We take a plunge in the pool (in the middle of the desert!) and then order our new favourite drink in this dry country, the lemon and mint mocktail. The bar is in an old dhow boat, just as out of place in the dunes as the pool. Sandra is behind on her blogs so she takes out her computer which, in hindsight, was not too smart as it is quickly covered in a layer of red sand dust. Meanwhile Skye takes Ryo to check out a couple of pens with desert animals. There are Oryx, a local antelope with beautiful long horns, the tiny Arabian Gazelle, and lots of rabbits. When they return, Ryo is invited to go back in the pool by an 11-year-old kid from Texas who is living in Muscat as his Dad comes to the end of a 3-year posting there.
The weather is increasingly overcast and there is a strong wind, but we do the obligatory climb of the dune ridge even if there is no sunset to be seen. Ryo and his new friend Grayson enjoy some sandboarding as the hotel has a sled, snowboard, and even skis! Skye and Sandra try to reach the top, but the sand dunes are pretty large and every time you think you’re at the top, there’s another dune just behind it, then another, then another… We’re a bit saddened by the state of the desert: compared to the pristine Empty Quarter here the sand is littered with plastic, bottles, cans, and all sorts of other junk.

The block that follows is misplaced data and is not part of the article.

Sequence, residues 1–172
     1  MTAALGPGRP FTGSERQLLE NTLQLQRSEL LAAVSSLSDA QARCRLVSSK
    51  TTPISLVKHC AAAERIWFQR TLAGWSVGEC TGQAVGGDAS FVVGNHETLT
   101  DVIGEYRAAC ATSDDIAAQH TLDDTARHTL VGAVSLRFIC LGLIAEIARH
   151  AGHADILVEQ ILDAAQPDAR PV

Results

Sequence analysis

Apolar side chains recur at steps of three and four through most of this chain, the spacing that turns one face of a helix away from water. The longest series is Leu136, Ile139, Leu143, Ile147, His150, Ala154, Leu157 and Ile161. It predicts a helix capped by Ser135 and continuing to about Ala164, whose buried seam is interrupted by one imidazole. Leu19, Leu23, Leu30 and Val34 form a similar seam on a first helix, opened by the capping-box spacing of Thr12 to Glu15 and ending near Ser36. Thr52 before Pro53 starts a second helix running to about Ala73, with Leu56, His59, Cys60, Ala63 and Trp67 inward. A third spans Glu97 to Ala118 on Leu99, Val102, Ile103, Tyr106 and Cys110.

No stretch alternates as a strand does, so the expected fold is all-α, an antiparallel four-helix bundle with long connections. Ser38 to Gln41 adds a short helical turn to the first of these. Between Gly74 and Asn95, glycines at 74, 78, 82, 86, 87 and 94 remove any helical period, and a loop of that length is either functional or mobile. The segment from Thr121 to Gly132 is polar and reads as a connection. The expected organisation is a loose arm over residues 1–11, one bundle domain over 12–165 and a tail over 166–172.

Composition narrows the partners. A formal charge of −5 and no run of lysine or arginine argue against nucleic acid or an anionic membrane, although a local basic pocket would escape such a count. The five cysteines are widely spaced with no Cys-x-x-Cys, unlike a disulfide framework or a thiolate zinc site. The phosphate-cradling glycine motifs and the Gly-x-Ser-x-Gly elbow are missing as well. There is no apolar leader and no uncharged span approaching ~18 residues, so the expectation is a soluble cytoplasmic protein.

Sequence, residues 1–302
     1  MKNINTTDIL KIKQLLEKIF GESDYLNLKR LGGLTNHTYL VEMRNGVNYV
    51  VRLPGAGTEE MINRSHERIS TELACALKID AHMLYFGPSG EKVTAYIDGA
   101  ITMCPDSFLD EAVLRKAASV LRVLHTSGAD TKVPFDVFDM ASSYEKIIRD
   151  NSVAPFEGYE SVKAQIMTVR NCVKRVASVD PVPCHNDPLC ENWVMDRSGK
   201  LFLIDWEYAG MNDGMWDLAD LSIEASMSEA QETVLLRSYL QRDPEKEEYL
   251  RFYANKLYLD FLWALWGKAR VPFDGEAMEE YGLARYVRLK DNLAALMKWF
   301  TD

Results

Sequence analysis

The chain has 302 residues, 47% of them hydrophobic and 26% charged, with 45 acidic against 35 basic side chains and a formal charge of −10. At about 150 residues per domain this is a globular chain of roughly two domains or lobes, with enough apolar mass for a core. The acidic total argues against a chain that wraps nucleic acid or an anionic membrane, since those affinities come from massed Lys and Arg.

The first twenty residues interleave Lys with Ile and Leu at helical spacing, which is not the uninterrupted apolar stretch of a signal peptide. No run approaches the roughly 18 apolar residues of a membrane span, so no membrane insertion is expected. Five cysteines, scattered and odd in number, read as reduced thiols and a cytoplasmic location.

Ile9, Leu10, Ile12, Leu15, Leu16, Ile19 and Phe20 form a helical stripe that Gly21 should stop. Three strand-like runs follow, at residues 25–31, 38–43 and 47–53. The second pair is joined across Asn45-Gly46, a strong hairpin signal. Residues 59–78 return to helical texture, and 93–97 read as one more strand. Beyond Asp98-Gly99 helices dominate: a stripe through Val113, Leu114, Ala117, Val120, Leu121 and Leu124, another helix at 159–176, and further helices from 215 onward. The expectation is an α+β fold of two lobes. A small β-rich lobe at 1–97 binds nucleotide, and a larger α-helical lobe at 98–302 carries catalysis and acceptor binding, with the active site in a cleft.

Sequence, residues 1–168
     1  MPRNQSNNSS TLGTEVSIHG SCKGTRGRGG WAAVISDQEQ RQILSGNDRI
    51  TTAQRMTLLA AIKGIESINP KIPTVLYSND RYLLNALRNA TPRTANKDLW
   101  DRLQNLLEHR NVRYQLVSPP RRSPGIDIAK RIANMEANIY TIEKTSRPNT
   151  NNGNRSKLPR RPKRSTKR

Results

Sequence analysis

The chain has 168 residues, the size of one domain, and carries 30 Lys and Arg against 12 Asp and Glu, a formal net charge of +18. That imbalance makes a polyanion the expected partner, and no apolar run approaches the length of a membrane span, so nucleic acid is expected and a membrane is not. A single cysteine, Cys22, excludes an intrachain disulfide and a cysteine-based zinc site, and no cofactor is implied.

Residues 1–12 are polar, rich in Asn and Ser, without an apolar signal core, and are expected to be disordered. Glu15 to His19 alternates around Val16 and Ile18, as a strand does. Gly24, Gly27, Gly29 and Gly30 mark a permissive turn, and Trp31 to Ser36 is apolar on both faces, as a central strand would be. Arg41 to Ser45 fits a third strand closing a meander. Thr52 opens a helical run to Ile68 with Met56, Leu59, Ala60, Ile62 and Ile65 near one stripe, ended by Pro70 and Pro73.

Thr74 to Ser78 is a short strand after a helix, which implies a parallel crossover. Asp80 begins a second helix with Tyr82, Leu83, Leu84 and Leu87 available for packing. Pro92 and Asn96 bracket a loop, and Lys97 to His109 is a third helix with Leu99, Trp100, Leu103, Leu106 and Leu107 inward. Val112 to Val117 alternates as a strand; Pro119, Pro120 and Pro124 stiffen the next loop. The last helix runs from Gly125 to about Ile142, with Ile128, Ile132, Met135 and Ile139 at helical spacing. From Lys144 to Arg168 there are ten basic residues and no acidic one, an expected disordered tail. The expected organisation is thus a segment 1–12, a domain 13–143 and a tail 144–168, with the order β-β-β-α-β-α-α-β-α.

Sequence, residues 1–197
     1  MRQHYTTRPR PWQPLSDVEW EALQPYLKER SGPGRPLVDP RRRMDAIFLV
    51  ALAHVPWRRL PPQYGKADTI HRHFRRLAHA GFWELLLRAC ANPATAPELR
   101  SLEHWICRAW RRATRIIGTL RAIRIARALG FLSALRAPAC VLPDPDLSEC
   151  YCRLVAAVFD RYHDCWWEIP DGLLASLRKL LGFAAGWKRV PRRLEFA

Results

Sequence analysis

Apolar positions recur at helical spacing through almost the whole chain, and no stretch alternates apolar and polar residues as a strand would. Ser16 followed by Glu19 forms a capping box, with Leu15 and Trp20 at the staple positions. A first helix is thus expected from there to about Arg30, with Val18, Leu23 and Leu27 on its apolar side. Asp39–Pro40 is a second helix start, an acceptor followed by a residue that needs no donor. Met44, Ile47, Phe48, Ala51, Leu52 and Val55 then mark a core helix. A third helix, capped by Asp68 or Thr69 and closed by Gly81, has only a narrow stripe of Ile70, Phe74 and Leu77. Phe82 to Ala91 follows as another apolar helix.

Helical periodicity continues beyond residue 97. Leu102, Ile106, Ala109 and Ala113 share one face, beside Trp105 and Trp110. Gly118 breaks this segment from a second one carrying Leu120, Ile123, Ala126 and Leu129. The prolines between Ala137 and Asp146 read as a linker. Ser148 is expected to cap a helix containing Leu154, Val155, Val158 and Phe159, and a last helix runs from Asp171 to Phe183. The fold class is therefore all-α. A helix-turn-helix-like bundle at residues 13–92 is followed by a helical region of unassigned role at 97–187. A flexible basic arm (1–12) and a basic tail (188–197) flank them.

We then head back for mocktails in the dhow bar followed by dinner in the beautifully decorated restaurant. The buffet is generous and there is a grill stand where you can also ask for fresh naan bread right out of the tandoor. For dessert Sandra liked the honeyed dough balls, but the popular Omani desert halwa, less so. It’s a bit like softer Turkish delight with a lot of rose water.
We get a light sprinkle of rain over supper, then head back to our tent. After a quick shower in the sanitary block (showerhead mounted over the toilet, so you can multitask if you want!) we settle into our comfy beds, with the door flap open for some cool air and to see the stars that have now come out. Tomorrow should be a beautiful day!